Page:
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Development (Cambridge, England)

Decoupling of amniote gastrulation and streak formation reveals a morphogenetic unity in vertebrate mesoderm induction.


PMID 23698348

Abstract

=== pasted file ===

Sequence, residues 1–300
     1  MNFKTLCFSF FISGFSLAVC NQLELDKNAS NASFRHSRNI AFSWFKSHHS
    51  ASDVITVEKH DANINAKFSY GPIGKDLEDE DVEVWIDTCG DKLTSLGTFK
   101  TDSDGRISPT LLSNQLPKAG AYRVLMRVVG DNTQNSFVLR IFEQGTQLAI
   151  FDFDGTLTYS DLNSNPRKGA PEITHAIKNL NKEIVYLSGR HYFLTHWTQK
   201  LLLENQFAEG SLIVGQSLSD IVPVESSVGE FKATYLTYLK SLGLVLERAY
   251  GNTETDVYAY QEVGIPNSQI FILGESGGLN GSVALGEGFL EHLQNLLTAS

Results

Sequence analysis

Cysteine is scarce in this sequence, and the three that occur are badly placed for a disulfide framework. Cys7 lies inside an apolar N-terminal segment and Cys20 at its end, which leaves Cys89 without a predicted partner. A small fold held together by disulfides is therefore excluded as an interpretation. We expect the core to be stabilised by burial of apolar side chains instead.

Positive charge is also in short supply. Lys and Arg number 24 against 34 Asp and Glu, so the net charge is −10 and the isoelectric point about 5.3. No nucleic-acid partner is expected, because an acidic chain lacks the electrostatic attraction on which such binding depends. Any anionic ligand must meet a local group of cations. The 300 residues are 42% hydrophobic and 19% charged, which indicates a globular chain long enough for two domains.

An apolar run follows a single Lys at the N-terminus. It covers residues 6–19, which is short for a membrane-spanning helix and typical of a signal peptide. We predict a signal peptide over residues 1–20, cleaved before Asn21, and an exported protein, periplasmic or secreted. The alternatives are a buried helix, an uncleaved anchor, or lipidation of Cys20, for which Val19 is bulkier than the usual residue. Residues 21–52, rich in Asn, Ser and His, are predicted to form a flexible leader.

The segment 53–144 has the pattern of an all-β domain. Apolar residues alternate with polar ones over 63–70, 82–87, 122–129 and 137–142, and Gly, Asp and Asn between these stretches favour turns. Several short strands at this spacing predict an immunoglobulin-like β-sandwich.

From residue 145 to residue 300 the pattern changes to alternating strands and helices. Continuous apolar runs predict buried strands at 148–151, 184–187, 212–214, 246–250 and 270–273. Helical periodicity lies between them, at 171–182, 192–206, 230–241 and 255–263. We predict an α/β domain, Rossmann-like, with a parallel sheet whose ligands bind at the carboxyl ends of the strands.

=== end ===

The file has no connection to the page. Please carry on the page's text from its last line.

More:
Mesoderm is formed during gastrulation. This process takes place at the blastopore in lower vertebrates and in the primitive streak (streak) in amniotes. The evolutionary relationship between the blastopore and the streak is unresolved, and the morphogenetic and molecular changes leading to this shift in mesoderm formation during early amniote evolution are not well understood. Using the chick model, we present evidence that the streak is dispensable for mesoderm formation in amniotes. An anamniote-like circumblastoporal mode of gastrulation can be induced in chick and three other amniote species. The induction requires cooperative activation of the FGF and Wnt pathways, and the induced mesoderm field retains anamniote-like dorsoventral patterning. We propose that the amniote streak is homologous to the blastopore in lower vertebrates and evolved from the latter in two distinct steps: an initial pan-amniote posterior restriction of mesoderm-inducing signals; and a subsequent lineage-specific morphogenetic modification of the pre-ingression epiblast.